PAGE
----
1. How do you typically begin your projects? Do you create outlines and character profiles or jump in head first with the initial idea? And do you focus on just one at a time?

I like working on one main project at a time, but I’ve got notebooks full of story ideas.

I’m a write-by-the-seat-of-your-pants kind of girl. I like to spend a few days hashing out the general idea of a story: the main focus, the overall atmospheric vibe of the story, the characters most basic motivations. And then I write. I let the writing take the lead. If things start feeling wrong – if the story seems off all of a sudden – I take a step back. I evaluate. I ask myself what exactly is missing/wrong/off, and I make the necessary changes. This process typically repeats many times in the first few chapters. I’m essentially testing the story out. I ended up deleting a large chunk of the first draft of Orphan, because I realized it was going in a direction that wasn’t working for the rest of the story. In the story I’m working on now, it took many drafts of the first three chapters before it dawned on me that the setting wasn’t working.

  1. What aspect of your writing do you consider your strength? Your weakness?

I think my greatest strength is dialogue. I like keeping my dialogue exchanges as natural as possible, and that usually comes easily for me. Creating relatable characters is also a strength in my writing. It’s extremely important to create characters that the reader roots for, or is fascinated or terrified by. But writing characters that the readers embrace is difficult and often takes me many, many drafts to get right.

I’m not a plotter, so my storylines are usually very simple. I have a tendency to focus too much on the individual scenes in a chapter and forget about the bigger picture … or forget about deepening my characters. Luckily, this is where rewrites come in.

  1. While you’ve actually had your books out and for sale for a while now, you’ve recently kind of done a clean slate approach and starting anew with your approach to publishing and marketing. From the way you began and the way you’re going about it now, is there anything you’d advise beginning authors to try or to avoid?

That is a heavy and very good question. As you know, I started out in self-publishing, nudged my big toe up against traditional publishing, and have now ventured fully into serially posting weekly chapters of Orphan’s rewrite online. Honestly, I don’t believe there is any right or wrong. There is only exploration and your own personal desires.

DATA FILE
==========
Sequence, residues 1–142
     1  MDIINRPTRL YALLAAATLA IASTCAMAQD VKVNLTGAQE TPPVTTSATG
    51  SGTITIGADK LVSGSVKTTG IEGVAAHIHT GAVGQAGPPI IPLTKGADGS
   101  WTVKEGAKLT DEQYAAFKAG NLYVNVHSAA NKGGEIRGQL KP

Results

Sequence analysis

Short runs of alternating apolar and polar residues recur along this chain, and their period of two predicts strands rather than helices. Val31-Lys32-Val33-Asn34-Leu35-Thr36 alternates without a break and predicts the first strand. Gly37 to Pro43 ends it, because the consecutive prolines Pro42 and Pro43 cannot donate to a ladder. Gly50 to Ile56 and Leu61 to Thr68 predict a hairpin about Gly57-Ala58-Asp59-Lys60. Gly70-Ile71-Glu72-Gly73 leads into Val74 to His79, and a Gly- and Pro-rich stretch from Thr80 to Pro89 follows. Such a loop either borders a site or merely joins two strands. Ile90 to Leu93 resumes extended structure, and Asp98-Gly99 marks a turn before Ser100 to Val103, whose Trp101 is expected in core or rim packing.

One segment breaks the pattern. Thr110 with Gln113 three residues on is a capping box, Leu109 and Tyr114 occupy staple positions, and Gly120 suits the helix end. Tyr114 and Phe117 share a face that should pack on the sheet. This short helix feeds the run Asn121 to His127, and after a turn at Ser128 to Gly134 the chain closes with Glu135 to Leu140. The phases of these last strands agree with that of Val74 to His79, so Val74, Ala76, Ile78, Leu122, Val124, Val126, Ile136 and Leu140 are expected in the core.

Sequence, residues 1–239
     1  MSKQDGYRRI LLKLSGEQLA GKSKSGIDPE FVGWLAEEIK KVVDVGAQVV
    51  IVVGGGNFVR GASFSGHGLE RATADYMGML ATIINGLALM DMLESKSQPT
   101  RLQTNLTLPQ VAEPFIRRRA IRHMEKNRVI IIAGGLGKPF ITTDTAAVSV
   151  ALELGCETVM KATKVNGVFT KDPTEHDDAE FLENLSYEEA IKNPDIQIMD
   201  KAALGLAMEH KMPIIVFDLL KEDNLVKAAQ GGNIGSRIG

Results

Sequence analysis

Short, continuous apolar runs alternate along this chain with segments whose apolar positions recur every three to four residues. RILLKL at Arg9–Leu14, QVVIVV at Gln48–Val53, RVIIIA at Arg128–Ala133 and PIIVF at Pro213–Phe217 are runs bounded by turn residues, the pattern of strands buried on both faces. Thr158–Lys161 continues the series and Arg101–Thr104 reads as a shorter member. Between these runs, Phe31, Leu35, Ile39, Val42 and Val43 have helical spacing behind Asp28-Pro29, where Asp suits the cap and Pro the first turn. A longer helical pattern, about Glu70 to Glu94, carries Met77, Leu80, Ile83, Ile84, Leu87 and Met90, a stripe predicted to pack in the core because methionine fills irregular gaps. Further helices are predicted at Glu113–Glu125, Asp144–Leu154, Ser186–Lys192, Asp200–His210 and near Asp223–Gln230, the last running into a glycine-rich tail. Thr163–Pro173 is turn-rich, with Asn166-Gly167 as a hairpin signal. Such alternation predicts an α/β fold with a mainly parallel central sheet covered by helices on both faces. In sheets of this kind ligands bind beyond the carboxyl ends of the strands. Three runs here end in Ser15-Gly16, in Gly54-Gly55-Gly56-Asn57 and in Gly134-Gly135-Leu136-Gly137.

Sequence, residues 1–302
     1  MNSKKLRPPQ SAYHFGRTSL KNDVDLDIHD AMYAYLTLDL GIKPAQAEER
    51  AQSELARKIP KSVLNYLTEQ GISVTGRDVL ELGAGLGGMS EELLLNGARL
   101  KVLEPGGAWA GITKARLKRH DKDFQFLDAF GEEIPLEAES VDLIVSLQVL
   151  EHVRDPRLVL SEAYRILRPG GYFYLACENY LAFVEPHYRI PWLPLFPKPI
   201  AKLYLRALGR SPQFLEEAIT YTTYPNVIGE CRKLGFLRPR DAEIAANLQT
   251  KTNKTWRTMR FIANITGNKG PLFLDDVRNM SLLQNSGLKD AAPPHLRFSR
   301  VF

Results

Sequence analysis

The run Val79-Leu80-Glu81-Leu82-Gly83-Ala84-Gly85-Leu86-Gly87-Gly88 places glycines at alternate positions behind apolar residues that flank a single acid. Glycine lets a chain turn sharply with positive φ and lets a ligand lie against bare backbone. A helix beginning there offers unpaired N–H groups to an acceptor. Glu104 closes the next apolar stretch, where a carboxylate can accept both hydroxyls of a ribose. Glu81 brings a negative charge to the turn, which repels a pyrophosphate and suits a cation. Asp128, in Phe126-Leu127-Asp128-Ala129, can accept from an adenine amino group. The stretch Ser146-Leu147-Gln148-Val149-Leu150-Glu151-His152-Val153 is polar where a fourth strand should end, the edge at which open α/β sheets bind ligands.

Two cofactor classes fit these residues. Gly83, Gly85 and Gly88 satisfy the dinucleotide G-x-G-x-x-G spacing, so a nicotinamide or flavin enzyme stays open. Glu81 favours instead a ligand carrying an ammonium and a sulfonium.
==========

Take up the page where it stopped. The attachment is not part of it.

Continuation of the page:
When publishing traditionally didn’t work out, I was both discouraged and relieved. Relieved, in that I wasn’t entirely sure if I wanted the pressure and expectations that go along with publishing deals. Discouraged, in that I couldn’t see a clear future for my writing.

Trying to make a living at being a writer is incredibly hard, if not downright impossible, at least for the sort of writing I do — mainly middle grade and young adult. The moment I told myself that I didn’t need to make my books make me money, the pressure vanished. The question then simply became where do I put my writing? For me, writing has always been about sharing. I write for myself, yes, but I also write for interaction. It’s an incredible feeling to connect with readers. I’m posting chapters of The Orphan and the Thief to Wattpad and my own blog, Come What May. My tumblr is dedicated to teasers, excerpts, and painting an aesthetic vibe of the story. When the last chapter is posted, I plan on making the book available on Kindle and as a print-on-demand paperback. When my next book is finished – which will be years from now – I’m going to ask myself the same questions. What do I want? Am I up for another round at the big publisher’s table? Do I want to post chapter by chapter or go straight to ebook? Do I wish to market the book through blog tours or festivals? I don’t expect to be able to answer these questions now, but when the time comes I know the answers will be there.

This is why giving advice is so difficult. We all want different things from our writing. But my big advice points are: